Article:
For those in the depths of despair and grief at this time, the Lord is at hand too and only He in time can help them to deal with their pain. They may, in time, find the peace of God through prayer and petition. So too we in our anxiety need to look to Him for peace. So many people face illness, loneliness through bereavement, and real need at Christmas. We continue to love them and pray for them. I encourage you to take some time to visit them or give them a call.

John the Baptizer features again in the Gospel today, in a continuation of last week’s reading.  He continues to spell out the implications of his message calling for repentance in order to prepare the way for God to act. If people were to heed his message (in its practical applications of justice and sharing) there would be joy for many millions rather than the ongoing suffering we see. In verse 8 John bluntly declairs: Produce fruit in keeping with repentance.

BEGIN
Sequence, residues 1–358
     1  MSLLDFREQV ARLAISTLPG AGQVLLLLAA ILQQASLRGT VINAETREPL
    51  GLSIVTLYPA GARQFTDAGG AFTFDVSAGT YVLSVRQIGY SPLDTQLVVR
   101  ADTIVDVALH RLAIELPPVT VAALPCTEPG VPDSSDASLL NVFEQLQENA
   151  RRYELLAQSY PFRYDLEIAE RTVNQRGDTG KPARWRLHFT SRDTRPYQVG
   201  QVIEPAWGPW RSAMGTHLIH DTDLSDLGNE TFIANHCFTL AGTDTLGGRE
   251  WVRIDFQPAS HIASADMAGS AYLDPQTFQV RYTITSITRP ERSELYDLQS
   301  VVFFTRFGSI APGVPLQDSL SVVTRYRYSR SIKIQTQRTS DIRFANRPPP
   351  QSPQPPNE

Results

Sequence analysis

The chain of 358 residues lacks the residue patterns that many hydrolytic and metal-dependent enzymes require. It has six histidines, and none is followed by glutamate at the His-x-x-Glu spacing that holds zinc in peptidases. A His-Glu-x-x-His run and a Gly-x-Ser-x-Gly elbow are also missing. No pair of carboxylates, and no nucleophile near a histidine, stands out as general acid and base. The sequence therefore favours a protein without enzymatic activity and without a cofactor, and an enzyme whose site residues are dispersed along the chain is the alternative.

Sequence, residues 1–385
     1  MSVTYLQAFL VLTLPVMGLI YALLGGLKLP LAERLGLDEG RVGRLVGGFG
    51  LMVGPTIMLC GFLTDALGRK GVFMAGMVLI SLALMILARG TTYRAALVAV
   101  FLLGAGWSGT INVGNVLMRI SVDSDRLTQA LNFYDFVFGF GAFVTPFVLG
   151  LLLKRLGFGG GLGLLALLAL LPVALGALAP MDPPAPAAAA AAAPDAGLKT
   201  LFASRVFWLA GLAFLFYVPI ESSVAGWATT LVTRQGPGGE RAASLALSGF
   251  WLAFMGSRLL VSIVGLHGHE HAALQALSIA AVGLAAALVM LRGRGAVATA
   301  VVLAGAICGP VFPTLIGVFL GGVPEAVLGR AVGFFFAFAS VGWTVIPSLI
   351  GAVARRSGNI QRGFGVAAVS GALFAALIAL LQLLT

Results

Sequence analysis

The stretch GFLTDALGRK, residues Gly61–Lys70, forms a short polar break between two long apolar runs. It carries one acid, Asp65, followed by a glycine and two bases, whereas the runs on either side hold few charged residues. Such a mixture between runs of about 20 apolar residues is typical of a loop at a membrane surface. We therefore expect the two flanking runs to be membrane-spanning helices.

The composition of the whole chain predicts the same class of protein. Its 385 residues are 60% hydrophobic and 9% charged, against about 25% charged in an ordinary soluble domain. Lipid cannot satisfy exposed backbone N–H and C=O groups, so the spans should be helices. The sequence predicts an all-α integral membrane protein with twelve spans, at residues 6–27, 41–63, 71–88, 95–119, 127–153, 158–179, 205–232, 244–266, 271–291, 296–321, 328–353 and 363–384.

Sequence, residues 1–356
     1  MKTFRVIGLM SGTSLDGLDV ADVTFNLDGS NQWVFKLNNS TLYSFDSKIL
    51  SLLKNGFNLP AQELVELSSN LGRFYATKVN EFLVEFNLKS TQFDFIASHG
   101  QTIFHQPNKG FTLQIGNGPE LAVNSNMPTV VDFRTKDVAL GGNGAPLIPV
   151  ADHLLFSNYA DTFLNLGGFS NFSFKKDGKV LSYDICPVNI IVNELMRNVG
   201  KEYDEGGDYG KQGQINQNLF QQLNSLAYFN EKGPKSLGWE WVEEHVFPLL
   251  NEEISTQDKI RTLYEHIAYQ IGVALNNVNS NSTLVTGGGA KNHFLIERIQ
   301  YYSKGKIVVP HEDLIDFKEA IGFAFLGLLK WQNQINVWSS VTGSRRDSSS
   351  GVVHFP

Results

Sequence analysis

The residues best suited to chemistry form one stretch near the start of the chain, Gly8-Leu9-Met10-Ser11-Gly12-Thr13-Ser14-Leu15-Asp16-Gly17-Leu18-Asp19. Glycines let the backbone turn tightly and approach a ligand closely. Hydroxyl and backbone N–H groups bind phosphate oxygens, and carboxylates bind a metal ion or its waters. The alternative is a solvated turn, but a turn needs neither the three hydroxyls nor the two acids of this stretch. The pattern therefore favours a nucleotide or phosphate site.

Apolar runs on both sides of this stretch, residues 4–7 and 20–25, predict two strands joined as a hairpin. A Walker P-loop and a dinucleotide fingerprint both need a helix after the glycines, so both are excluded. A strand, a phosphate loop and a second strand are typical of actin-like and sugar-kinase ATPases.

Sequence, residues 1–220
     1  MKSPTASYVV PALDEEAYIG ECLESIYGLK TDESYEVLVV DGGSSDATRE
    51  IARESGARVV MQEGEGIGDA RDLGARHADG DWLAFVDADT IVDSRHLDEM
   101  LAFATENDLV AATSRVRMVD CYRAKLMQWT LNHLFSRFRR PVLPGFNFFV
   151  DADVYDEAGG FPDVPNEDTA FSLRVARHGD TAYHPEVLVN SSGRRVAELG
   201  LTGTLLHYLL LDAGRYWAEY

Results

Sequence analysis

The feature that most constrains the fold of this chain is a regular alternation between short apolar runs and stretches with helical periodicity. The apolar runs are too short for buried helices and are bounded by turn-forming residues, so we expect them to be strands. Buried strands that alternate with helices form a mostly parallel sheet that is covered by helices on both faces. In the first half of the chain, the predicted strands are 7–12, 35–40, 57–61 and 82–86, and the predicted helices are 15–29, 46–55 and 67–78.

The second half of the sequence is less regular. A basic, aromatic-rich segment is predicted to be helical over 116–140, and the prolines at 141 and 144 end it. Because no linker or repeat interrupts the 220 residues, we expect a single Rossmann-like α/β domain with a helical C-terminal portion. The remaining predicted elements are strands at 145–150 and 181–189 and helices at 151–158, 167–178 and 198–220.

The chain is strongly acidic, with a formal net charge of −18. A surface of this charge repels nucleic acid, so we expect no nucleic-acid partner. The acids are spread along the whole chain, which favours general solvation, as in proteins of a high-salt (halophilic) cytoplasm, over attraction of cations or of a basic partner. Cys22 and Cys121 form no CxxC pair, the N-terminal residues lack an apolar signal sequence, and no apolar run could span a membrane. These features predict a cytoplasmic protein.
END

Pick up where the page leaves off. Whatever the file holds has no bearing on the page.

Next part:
And he continues in verses 10 and 11 of chapter 3: “What should we do then?” the crowd asked. John answered, “The man with two tunics should share with him who has none, and the one who has food should do the same.”

That would bring great joy to many if it were applied today. And John continues with clear instructions to tax collectors and soldiers that involve fair play and justice. For many that would bring great joy were such acts real in their lives.